Crowd crush, not anger, rage or violence, is the most common killer in crowd and mob situations. Most people killed in crowds die from “compressional asphyxiation”, and in fact, die standing up, not from trampling. The compounded force of just five other people crushing a person can render them unconscious in 30 seconds and brain dead within 6 minutes. It is thought that people need at least one square yard of space around them to maintain their footing, control their movements and breathe freely. A crowd can quickly become dangerous without any intention of doing harm. In otherwise peaceful religious events, concerts and sporting events around the world, thousands have died over the past two decades when groups seemingly spontaneously flashed over into mobs.
Understanding the Defense
While leaders and decision-makers benefit from a more complete understanding of the psychology and physics of groups, crowds and mobs, individual employees have a real need for advice and direction about how to keep themselves safe, and how to survive crowd or mob situations that become dangerous. History has proven that otherwise peaceful gatherings can turn deadly in an instant; therefore, you will want to share this information with your workforce before they find themselves in such a situation. During times in which your organization or the surrounding neighborhood may experience large gatherings, such as the current “Occupy” protests, it is helpful to know the basics of safety and survival in group, crowd and mob events.
If you anticipate that your organization or neighborhood may experience a group, crowd or mob action, remember to:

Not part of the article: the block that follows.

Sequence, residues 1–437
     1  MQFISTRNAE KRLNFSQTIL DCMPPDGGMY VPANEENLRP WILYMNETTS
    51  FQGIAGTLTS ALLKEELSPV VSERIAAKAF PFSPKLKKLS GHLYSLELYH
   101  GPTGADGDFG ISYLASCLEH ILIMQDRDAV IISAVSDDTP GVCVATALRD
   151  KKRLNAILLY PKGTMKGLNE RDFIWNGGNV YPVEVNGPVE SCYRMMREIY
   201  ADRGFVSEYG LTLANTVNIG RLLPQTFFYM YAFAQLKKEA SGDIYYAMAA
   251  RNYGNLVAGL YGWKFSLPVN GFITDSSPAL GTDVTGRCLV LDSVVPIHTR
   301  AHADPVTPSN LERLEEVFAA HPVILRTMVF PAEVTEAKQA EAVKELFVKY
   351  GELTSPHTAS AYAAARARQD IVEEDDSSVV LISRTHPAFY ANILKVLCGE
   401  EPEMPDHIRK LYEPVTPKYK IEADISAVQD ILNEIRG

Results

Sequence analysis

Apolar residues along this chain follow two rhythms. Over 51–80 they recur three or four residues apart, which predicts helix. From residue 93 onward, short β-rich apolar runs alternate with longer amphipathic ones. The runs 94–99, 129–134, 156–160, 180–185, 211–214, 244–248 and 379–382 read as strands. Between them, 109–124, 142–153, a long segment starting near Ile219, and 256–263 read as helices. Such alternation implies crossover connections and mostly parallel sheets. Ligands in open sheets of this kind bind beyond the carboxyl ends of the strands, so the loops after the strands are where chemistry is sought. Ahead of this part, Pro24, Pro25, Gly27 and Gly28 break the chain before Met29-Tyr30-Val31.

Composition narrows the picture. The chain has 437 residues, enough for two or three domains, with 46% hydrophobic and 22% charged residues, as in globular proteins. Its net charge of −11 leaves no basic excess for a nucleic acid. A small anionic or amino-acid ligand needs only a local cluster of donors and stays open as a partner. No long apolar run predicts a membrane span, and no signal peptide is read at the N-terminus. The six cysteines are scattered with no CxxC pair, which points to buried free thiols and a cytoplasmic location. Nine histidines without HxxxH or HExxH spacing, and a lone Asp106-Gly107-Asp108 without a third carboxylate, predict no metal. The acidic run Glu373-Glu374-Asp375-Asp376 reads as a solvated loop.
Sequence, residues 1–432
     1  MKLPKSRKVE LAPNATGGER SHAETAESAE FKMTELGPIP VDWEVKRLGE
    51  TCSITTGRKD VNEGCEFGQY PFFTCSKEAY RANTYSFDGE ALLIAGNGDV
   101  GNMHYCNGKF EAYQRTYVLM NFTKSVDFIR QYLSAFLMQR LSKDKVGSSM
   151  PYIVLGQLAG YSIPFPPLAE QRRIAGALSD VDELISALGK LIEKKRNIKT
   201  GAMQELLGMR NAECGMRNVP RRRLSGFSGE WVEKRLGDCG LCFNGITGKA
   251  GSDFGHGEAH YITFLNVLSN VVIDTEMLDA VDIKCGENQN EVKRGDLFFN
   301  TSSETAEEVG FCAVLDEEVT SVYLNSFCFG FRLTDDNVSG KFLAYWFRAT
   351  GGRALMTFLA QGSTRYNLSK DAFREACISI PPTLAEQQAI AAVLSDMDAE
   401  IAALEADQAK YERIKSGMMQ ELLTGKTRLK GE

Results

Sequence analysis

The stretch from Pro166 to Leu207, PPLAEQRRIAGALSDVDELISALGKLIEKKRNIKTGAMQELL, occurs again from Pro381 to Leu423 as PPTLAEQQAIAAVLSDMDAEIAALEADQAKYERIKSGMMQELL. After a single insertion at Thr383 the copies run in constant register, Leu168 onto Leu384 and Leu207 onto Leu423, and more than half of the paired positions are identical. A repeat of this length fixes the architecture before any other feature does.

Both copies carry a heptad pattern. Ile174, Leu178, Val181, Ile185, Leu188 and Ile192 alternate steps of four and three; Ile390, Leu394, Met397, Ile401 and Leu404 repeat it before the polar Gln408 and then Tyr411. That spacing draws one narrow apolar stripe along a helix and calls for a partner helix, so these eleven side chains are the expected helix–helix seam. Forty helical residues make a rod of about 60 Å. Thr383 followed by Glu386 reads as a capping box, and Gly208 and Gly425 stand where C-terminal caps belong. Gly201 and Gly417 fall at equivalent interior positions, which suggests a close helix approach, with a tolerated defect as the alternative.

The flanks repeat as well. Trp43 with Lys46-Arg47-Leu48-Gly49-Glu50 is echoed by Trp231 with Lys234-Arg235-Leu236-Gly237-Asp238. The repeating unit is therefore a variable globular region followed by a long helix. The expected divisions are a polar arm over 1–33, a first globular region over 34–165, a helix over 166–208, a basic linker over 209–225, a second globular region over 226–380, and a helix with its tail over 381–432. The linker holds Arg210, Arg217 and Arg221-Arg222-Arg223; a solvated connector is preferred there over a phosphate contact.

- Carry a cell phone, photo ID and a small flashlight in a pocket or purse;
- Wear comfortable shoes with little or no heel. Laces should be double tied to avoid tripping;
- Avoid wearing clothing and accessories that may prove dangerous, such as long jewelry or neck ties that can become tangled or pulled;
- Try to stay outside of a crowd when walking. Go around, rather than through the crowd;
- If the crowd taunts or insults you, just move on. Don’t engage or take the bait;
- Don’t stop or stand near temporary structures which could collapse under the weight of a crowd;
- Don’t stand near or against immovable objects, such as walls, doors or barricades, which would limit your options for escape or represent a risk if pressed against by the crowd;
- If you anticipate going into a crowd or possibly getting caught up in a crowd, try to bring a “buddy” and not go alone.
A dynamic crowd can produce the force of a moving training or powerful wave rolling across the sea. The energy produced by the weight and speed of the moving crowd can be deadly. It is important to understand the basics of crowd survival to avoid being trapped or crushed.